"Not exactly. Buddhist standpoint shares many similarities with some of the traditional Platonism. Art, as in Plato's philosophy, is considered to be an illusion, or "ignorance": something with no truths. I wasn't offended by this because it made logical sense as it is a reflection or interpretation of reality. Or the way we experience reality. Buddhism holds a similar standpoint as the world we live in is considered to be an illusion too. This was a pretty bold statement I came across, but it was interesting to me that yet Buddhism loves utilizing art as a way to express things beyond the naked eyes. All religion does this.


I say utilize because fundamentally, Buddhism teaches you to abandon images, forms, senses, feelings, etc. You know, to let everything go? Art, for me, became a useful means to do this, especially to let go of the past."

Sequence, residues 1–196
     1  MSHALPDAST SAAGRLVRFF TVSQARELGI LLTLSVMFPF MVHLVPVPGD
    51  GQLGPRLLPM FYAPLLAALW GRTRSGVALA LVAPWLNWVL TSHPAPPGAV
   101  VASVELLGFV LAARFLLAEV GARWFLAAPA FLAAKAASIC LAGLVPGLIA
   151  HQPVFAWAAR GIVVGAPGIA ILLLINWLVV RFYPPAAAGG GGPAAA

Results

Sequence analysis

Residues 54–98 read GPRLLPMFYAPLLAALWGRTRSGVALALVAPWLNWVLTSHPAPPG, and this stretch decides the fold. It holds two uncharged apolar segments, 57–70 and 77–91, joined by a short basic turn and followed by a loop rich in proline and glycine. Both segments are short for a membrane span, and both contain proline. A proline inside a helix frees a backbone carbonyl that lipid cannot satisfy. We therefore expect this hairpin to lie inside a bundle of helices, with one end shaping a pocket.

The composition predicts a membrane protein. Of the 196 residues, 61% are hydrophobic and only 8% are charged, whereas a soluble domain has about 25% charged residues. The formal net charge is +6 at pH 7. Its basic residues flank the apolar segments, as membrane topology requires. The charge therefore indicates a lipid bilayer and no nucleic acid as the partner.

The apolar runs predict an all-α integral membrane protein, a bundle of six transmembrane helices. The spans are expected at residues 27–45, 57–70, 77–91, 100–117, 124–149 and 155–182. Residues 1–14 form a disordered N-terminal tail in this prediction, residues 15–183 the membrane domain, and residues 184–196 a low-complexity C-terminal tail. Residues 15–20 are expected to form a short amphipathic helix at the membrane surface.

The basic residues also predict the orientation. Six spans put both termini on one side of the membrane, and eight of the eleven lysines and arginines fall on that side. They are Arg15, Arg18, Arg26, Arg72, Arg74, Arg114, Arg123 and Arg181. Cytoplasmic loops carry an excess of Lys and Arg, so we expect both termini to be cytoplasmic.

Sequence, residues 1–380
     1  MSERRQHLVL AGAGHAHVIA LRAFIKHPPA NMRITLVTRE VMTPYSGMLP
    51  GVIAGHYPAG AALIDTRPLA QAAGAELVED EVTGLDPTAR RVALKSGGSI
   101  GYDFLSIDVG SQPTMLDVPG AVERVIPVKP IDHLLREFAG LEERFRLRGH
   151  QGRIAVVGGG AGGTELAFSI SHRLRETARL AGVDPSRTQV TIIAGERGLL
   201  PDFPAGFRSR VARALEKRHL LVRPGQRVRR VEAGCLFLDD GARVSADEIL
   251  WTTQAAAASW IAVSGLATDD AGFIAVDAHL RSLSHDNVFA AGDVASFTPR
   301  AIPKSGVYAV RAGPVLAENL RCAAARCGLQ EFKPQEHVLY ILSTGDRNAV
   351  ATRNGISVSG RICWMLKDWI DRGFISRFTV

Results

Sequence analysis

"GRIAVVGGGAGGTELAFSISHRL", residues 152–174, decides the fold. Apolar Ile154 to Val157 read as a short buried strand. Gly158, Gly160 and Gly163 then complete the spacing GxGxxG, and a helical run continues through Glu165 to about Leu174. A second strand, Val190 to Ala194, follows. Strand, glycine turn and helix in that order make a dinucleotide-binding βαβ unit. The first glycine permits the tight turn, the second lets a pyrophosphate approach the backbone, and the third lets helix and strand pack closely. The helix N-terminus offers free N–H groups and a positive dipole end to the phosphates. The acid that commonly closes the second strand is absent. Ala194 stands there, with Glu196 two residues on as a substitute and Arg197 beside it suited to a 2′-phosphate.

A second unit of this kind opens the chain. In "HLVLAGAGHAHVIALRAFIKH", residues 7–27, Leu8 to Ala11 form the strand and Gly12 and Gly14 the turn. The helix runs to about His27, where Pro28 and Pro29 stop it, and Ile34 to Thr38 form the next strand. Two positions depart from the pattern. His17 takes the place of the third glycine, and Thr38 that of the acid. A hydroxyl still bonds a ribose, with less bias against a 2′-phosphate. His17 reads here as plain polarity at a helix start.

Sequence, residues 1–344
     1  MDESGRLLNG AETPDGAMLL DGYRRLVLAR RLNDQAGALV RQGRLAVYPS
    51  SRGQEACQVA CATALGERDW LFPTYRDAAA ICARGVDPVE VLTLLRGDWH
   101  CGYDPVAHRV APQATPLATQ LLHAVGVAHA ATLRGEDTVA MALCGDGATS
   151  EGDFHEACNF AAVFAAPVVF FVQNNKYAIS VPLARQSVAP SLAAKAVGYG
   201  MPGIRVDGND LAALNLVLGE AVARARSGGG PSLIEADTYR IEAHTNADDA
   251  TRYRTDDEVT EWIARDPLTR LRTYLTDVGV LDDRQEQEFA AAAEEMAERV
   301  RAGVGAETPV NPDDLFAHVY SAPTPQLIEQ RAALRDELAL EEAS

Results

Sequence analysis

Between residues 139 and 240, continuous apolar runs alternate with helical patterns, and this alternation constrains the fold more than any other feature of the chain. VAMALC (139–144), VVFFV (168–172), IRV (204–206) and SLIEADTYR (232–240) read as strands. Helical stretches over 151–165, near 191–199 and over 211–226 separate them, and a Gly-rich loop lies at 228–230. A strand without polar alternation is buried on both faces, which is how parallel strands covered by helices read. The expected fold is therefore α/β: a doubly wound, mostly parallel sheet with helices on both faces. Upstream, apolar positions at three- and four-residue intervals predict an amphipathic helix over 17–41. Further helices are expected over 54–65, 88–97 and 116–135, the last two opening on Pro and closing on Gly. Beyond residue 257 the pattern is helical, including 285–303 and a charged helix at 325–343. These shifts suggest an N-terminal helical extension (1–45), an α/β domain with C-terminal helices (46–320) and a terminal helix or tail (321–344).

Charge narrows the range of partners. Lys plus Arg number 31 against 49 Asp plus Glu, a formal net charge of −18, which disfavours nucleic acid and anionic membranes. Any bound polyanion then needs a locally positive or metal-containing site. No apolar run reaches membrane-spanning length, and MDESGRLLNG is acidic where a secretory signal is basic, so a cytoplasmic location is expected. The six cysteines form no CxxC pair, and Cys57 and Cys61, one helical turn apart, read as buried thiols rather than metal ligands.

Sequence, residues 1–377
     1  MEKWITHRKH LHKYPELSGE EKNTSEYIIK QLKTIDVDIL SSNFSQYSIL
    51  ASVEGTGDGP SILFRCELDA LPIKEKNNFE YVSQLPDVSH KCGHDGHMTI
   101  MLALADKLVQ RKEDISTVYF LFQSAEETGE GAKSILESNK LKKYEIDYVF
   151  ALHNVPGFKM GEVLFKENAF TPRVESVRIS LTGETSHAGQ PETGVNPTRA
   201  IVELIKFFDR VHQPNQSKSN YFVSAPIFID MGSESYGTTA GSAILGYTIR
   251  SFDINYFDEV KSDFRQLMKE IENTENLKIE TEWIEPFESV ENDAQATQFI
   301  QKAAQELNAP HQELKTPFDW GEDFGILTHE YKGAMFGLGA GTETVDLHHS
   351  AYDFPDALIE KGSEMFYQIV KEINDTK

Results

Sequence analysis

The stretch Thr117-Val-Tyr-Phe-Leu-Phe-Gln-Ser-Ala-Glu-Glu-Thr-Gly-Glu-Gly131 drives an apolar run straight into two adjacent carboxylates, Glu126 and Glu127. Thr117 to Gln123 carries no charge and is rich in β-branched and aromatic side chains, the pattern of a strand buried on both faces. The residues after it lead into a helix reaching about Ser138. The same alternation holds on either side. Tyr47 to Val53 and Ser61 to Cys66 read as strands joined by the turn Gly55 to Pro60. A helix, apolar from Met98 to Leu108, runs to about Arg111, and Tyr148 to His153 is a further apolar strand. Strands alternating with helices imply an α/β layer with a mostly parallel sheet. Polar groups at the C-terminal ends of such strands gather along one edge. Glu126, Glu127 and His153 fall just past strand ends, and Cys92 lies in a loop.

S.M
"Let go of the past?"

H.S

"We all have a past no? The good, the bad and the ugly?"

S.M
"Your recent work, reimagining the 'Diamond Sutra'. Tell us more about it."

H.S

"The Diamond Sutra is a complex sutra that tends to overwhelm most people. But like reading any other philosophy books, you probably need to read through it a few times to grasp its meanings. I decided to decode the sutra, explain it in a more modern manner, and convert it to a consumable format so that more younger generations are given the opportunity to go through the mind-bending experience I had. "

S.M
"Mind-bending experience? I'm curious. Can you give us an example?"

H.S